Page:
The Compass: An Instrumental Navigation Tool

When thinking of navigation tools commonly found in airplanes, a compass probably isn’t at the top of your list. After all, most airplanes are equipped with more advanced electronic navigation tools, such as heading indicators, Inertial Navigation System (INS) and Global Positioning System (GPS). Even with these electronic navigation tools, though, many airplanes still feature a magnetic compass.

What Is a Compass?

A compass is a magnetic device that reveals the cardinal directions. Also known as the cardinal points, the cardinal directions consist of north, east, west and south. By identifying these directions, pilots and other individuals can plan their routes accordingly.

Most compasses rely on a magnet to reveal the cardinal directions. Thanks to its molten iron core, the Earth has a magnetic field. This powerful magnetic field is known as the magnetosphere. A typical compass has a magnetic needle that rotates until it points north. Once aligned with the magnetic north, the compass will then reveal the three other cardinal directions: east, west and south.

Why Airplanes Still Feature a Compass

Considering their low-tech method of operation, you may assume that compasses are obsolete and no longer used in the aviation industry. However, this couldn’t be further from the truth. Regardless of size or type, all airplanes have at least one compass; it’s a requirement set by the U.S. Federal Aviation Administration (FAA).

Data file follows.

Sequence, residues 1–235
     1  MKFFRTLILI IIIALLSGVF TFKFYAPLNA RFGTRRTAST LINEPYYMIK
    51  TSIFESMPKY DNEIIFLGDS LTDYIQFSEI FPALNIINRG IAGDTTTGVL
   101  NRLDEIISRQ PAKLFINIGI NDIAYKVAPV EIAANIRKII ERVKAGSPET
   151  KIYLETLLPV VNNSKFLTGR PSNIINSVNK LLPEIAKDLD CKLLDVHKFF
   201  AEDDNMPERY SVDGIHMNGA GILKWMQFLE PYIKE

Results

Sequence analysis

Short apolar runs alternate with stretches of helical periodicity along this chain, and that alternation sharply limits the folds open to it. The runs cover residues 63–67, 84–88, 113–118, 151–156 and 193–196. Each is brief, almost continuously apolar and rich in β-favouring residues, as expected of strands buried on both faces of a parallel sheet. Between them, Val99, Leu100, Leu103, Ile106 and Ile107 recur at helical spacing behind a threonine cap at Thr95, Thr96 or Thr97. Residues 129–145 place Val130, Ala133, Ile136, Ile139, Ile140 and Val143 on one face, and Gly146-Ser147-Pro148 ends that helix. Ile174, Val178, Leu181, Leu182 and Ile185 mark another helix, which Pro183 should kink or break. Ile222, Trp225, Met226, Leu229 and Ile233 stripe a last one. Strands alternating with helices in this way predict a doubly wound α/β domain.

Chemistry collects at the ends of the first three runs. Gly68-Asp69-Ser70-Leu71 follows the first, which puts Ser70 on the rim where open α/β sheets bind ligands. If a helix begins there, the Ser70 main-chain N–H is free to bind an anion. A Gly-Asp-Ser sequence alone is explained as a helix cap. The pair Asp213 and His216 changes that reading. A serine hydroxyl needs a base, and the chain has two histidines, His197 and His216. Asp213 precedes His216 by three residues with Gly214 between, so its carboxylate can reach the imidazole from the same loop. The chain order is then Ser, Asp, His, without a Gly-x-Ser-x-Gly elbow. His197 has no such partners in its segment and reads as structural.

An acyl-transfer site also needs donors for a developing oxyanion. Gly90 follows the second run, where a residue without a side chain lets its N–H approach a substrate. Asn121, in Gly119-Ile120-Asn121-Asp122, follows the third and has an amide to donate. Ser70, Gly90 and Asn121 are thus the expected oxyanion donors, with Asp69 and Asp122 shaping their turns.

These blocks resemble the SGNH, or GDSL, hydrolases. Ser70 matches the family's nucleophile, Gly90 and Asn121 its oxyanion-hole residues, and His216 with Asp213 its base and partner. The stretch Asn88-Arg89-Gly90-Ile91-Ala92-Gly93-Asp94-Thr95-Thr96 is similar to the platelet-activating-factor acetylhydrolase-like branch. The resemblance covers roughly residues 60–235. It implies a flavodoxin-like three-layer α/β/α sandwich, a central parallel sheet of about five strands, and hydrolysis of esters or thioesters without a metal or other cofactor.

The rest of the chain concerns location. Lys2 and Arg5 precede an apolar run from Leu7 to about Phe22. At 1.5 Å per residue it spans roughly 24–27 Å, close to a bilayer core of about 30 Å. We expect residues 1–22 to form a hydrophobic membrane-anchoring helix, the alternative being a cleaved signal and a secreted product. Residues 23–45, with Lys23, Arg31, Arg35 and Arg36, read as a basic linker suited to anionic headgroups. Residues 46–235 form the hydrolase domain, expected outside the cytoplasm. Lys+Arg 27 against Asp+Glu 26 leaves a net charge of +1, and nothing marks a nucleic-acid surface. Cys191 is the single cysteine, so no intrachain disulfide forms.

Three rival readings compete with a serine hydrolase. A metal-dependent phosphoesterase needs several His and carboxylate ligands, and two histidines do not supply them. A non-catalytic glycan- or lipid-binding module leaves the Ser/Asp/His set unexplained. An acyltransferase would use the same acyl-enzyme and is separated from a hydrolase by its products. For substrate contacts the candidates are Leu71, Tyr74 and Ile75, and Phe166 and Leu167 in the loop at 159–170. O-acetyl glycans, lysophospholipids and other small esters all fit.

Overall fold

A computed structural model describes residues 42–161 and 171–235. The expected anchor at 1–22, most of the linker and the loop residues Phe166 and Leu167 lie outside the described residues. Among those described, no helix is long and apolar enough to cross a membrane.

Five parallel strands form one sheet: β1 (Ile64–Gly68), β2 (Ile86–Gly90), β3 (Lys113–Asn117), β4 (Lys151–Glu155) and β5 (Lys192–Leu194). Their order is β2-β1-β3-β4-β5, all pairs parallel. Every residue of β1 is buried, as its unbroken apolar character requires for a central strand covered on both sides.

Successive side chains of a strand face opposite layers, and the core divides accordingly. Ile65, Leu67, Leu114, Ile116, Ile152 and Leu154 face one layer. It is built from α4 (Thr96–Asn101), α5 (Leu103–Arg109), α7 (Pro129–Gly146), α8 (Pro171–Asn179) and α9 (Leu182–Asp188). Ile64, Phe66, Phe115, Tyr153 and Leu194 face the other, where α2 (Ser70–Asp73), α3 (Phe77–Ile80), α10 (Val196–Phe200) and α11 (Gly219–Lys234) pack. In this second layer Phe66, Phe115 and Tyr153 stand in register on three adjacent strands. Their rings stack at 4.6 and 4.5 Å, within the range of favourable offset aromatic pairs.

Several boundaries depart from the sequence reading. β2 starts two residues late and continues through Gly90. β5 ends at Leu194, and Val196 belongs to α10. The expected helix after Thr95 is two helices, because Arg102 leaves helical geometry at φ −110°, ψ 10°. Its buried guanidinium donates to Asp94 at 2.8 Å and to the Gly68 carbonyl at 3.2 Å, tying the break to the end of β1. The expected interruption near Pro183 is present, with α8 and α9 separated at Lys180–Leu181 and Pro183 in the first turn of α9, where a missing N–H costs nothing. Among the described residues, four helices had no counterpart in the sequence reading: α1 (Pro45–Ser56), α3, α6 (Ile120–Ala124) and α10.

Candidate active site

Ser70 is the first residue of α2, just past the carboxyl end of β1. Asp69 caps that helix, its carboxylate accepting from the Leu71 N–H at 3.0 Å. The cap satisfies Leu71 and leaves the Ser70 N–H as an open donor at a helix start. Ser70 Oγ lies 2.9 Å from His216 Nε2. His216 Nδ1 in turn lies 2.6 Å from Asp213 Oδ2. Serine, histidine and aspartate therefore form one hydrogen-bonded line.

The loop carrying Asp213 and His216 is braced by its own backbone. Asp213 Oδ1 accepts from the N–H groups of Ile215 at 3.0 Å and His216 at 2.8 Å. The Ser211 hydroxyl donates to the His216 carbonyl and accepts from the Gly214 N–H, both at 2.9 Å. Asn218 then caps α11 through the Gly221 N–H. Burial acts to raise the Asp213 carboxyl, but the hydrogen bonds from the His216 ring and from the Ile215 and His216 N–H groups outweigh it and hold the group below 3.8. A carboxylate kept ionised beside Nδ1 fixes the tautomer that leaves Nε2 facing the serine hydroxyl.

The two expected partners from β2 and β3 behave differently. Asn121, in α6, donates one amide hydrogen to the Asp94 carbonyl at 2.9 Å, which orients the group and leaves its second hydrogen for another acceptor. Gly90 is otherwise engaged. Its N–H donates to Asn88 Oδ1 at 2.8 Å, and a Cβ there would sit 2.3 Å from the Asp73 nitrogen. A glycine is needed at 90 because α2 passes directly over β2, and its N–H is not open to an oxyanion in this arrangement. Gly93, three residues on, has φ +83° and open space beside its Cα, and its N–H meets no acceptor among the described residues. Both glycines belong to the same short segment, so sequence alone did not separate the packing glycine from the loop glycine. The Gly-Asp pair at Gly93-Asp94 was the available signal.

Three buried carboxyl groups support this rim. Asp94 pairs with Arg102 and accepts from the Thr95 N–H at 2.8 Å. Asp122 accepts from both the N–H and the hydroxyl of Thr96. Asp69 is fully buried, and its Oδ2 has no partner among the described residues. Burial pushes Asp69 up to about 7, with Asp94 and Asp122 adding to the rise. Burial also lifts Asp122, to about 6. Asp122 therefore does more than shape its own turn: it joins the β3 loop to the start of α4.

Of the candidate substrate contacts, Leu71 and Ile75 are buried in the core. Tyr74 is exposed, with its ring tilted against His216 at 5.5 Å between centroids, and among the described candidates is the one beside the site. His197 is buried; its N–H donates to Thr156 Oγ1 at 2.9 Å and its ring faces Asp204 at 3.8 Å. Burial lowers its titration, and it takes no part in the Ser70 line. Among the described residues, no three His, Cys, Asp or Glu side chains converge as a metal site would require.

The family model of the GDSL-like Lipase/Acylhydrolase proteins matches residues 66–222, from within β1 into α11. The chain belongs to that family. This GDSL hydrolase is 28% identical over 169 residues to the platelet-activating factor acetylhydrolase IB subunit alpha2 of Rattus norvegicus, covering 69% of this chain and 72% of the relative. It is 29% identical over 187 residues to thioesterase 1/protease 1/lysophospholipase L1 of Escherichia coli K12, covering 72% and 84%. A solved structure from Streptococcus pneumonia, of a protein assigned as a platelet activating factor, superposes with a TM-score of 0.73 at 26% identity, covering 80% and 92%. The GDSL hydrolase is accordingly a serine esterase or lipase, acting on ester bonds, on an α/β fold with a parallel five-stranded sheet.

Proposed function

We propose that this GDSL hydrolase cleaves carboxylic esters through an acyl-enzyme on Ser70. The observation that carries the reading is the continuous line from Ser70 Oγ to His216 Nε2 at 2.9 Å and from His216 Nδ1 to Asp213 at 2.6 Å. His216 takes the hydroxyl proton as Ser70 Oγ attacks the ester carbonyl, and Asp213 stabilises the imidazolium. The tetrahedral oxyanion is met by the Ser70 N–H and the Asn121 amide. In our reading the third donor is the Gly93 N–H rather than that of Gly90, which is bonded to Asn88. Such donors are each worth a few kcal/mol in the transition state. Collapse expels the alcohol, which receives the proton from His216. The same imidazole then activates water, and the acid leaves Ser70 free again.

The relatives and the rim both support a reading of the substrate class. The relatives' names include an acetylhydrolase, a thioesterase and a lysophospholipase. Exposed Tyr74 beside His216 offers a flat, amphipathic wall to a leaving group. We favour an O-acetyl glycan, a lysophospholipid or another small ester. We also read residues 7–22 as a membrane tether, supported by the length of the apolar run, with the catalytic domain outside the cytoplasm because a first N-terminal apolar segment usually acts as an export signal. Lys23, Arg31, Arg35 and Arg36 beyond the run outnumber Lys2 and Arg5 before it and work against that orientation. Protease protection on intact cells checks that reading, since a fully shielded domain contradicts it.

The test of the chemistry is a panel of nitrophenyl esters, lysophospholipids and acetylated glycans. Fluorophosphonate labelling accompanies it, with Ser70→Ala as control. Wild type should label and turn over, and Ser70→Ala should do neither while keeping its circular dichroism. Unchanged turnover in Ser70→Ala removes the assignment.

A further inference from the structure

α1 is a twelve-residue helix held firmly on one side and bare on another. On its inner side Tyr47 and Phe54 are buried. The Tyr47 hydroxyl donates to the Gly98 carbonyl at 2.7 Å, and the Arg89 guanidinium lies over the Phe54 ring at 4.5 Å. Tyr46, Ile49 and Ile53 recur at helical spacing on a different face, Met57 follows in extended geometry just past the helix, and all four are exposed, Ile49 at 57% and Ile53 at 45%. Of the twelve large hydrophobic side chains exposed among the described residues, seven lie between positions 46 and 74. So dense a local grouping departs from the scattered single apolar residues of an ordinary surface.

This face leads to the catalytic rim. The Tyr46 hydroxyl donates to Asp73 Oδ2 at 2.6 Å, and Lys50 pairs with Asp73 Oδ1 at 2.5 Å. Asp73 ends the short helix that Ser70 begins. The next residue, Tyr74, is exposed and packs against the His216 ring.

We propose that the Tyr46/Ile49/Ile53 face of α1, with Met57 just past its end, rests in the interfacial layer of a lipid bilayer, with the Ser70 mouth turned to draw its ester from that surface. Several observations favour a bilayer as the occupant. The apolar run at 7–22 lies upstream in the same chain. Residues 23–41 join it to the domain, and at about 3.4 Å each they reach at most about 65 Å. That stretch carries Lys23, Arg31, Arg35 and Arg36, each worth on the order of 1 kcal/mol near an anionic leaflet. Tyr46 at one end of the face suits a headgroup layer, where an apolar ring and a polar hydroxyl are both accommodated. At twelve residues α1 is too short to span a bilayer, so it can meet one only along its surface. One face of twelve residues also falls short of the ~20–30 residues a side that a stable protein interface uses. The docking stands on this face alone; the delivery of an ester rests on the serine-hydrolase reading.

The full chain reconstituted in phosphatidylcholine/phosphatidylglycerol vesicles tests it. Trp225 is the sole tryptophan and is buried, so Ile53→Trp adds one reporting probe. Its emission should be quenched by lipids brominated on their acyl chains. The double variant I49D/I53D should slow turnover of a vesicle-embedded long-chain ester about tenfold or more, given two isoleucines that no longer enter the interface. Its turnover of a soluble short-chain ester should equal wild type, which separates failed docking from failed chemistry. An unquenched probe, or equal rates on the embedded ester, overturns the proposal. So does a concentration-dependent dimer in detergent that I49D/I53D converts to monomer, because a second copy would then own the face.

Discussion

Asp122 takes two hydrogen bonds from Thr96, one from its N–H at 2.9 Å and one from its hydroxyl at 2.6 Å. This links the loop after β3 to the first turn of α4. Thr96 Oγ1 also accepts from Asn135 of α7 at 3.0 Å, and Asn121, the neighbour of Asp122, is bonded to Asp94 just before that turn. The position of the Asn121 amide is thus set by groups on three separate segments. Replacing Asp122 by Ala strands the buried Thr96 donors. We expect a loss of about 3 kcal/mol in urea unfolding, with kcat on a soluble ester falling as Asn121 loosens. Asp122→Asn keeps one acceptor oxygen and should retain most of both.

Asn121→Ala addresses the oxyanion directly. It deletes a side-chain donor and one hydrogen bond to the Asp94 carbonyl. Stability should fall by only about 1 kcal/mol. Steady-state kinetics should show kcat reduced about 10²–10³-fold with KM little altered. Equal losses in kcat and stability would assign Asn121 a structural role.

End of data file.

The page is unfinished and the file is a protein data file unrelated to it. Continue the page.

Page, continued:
Most airplanes, of course, are already equipped with a heading indicator. Heading indicators are designed the show the direction in which an airplane is flying. So, why do airplanes still feature a compass if they already have a heading indicator?

Heading indicators are gyroscopic instruments, and like all gyroscopic instruments, they are susceptible to balancing errors. If the gyro isn’t perfectly balanced, the heading indicator will reveal an inaccurate direction. The heading indicator will essentially “drift,” revealing a direction that’s slightly off from the true direction.

Magnetic compasses don’t experience these errors. They work by using a magnetic needle to reveal the cardinal directions, whereas heading indicators work via a gyro. Therefore, compasses won’t drift or otherwise experience a loss of accuracy. Pilots, in fact, will often reset heading indicators using the airplane’s built-in compass.

Another reason airplanes still feature a compass is because they are completely independent and self-contained. Compasses don’t require power or data from any external source. This means a compass will always work — even if there’s a problem with the airplane’s other instruments.

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